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" gives "Dexter - Season 5" a 7.5."
Written by on 24 August 2013.
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Dexter - Season 5

After a great first season of 'Dexter', I was, like many others, very much intrigued by the series’ namesake. The search for the origins of what Dexter calls his dark passenger, like it has been done in the first season, offers the potential of a great character study. Unfortunately, the writers had something entirely different in mind for the show's second and third season. But then there was the fourth season, in which Dexter becomes fascinated by the Trinity Killer, and the shows’ focus returned to Dexter’s struggle to find his true self once more. The season ends with a chilling climax in which Trinity kills Dexter’s wife. Enough material to draw from for the fifth season, to go deeper into the impact this has on Dexter and his lifestyle, one would think. But I am not entirely sure the show succeeds in doing just this.

According to the showrunners, this season will be about Dexter’s journey through the seven steps of the grieving process. The first episode starts right where the previous season has left off. Dexter is trying hard to be a good father, because like Harry tells him, his children will be his salvation if he ever hopes to live a normal life. But Dexter wouldn’t be Dexter if he didn’t feel the need to open Pandora’s box once more. And what comes out of it is more than he could have ever imagined.

At his first kill after Rita's death, a guy that goes by the name of Boyd Fowler, Dexter discovers this man’s next victim in the house, Lumen Pierce. (The writers, however, seem to have forgotten that Dexter kills a guy in a toilet in the first episode, one that doesn’t even fit the code). The two of them bond over their mutual pain and one by one they start to track down and take out Fowler’s accomplices, which contributes to Lumen's healing process, as well as Dexter's grieving process. He puts it into words by saying he can’t take revenge for Rita’s death, but he can avenge what happened to Lumen.

In the meanwhile, Quinn is juggling two Morgans at once; not only is his romance with Debra being revived, he also starts suspecting that Dexter might have played a bigger part in Rita's death than it seems. He calls in the help of the recently unemployed Liddy, whom he pays to follow Dexter. Fortunately, Quinn is a much lazier cop than Doakes, or his love for Debra is stronger than his suspicions of Dexter, either way, he gives up quite quickly. Liddy on the other hand smells blood and keeps tracking Dexter. This initially less entertaining storyline proves to be much more exciting than expected when it comes to a confrontation between the two. The ease with which Dexter takes out Liddy is more of an anticlimax, even though Quinn’s involvement promises an interesting starting point for next season. The central storylines concerning the day to day police work fell a bit flat this season, in my opinion. And I will not even get into the relationship problems between Batista and La Guerta, which flatten the initially interesting characters.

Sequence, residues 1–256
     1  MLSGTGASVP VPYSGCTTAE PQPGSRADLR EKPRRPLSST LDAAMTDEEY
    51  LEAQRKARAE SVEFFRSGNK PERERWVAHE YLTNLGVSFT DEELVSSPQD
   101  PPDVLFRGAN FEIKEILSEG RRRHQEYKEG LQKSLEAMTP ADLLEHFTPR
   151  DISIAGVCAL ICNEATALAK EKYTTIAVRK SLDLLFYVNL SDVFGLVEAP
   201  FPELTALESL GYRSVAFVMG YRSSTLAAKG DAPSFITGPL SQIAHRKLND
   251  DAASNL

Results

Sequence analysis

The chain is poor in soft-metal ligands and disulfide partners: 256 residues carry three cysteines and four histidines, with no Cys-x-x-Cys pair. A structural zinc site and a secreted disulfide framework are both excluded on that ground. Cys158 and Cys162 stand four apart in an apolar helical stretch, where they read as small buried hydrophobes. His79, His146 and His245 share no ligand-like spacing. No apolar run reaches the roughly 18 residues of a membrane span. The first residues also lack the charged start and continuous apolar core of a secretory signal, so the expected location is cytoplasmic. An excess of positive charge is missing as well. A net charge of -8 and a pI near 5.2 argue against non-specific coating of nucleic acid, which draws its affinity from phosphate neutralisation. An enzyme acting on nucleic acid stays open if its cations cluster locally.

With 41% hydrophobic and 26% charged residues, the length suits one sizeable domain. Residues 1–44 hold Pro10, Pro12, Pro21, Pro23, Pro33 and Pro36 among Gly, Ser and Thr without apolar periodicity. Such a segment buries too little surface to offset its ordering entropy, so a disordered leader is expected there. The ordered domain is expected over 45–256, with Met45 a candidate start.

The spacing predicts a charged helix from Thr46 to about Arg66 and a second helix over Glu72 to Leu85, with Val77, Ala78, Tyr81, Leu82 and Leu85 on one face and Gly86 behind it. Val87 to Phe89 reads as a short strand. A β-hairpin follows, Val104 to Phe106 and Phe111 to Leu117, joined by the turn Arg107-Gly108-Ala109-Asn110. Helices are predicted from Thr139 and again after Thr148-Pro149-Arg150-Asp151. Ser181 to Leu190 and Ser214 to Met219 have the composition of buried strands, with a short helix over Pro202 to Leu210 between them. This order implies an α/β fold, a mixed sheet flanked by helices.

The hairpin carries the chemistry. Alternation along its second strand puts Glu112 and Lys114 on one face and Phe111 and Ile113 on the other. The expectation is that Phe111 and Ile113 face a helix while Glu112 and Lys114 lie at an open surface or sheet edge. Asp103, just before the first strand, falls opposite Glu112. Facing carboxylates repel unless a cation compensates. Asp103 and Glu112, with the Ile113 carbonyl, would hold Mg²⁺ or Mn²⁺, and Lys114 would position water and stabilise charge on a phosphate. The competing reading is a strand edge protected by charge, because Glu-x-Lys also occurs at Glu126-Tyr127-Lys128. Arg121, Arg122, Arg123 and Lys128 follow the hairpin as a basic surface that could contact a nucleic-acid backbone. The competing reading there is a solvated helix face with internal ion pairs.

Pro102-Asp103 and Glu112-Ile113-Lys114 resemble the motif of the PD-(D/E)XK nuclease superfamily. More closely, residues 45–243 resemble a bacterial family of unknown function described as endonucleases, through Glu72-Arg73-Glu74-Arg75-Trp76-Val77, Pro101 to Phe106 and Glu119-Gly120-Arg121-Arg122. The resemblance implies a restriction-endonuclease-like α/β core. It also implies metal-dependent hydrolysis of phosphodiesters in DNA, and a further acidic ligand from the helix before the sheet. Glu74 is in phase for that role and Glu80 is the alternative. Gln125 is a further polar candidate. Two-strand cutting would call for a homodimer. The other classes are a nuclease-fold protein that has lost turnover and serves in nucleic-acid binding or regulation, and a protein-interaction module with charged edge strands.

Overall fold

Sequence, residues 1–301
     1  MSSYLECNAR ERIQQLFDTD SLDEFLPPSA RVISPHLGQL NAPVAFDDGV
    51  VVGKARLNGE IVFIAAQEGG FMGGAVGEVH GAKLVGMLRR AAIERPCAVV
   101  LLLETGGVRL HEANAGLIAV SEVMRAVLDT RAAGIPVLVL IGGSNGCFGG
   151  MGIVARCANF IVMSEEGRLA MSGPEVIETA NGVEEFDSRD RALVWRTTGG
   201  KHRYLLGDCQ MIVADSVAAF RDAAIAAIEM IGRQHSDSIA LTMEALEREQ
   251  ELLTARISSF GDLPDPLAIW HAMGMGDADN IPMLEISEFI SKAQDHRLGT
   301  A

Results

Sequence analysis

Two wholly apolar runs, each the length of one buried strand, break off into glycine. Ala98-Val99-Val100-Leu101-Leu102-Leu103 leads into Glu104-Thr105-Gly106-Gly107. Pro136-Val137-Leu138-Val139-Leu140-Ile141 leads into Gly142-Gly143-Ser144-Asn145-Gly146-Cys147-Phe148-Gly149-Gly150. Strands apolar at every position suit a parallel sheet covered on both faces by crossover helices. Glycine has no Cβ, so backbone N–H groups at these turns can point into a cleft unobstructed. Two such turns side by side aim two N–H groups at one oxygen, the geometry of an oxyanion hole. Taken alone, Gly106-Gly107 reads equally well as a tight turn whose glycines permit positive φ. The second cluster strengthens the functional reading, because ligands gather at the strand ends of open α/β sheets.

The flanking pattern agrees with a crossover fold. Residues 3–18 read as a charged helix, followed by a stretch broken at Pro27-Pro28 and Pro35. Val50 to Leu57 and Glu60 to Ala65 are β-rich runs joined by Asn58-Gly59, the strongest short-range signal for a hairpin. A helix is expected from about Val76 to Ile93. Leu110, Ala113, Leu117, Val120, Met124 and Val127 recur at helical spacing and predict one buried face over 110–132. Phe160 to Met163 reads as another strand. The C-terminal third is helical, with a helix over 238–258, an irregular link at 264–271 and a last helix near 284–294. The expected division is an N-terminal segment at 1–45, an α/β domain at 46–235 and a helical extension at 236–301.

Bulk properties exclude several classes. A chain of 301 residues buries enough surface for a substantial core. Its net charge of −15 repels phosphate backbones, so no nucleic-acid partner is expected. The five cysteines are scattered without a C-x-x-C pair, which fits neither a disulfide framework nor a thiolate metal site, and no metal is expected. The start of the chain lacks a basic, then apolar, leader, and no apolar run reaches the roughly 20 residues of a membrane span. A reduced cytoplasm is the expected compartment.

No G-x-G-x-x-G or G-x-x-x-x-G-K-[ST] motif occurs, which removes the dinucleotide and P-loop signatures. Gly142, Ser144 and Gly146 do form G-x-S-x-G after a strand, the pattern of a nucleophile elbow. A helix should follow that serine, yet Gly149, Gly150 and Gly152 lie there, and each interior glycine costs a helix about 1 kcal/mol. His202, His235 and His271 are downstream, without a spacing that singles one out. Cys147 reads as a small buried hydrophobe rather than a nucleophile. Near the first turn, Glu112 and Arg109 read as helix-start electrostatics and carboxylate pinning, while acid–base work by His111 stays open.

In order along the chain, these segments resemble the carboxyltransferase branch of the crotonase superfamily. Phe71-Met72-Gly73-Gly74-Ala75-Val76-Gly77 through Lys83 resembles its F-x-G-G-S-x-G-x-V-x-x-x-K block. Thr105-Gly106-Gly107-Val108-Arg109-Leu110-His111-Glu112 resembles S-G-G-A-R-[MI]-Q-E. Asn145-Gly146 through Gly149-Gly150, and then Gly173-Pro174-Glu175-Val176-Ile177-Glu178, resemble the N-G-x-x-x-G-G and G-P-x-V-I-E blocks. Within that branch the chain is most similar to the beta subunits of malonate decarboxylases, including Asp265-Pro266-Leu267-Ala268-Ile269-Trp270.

After the climax of the fourth season, I had high hopes for the fifth, but I also acknowledge the difficulties of following that. A super villain like Trinity is hard to exceed and, altogether, this season's villains (Boyd Fowler, Jordan Chase, and Stan Liddy) were quite a smart solution to that and certainly kept me on the tip of my seat quite a few times.

Nonetheless, the writers seem to have little interest in exploring the psyche of a serial killer once again, and the series sticks to the conventions of the traditional cop show, even though it’s being done from the vigilante's point of view. Dexter’s connection to Lumen derives from his desire to find someone who sees him for who he really is but we have seen this in so many previous seasons that I wish they had tried a different angle this time.

So, the writers have found a way to tell a story with the same elements and following the same set of conventions each season. Does that make 'Dexter' boring to watch? Certainly not. The storylines are well-written overall and more importantly: exciting. 'Dexter' is definitely better than the average series but does 'Dexter' reach its full potential with that? I, for one, believe that there is so much more to go on with such an interesting theme as a righteous serial killer. But I am afraid we will have to wait for that till the very last season.
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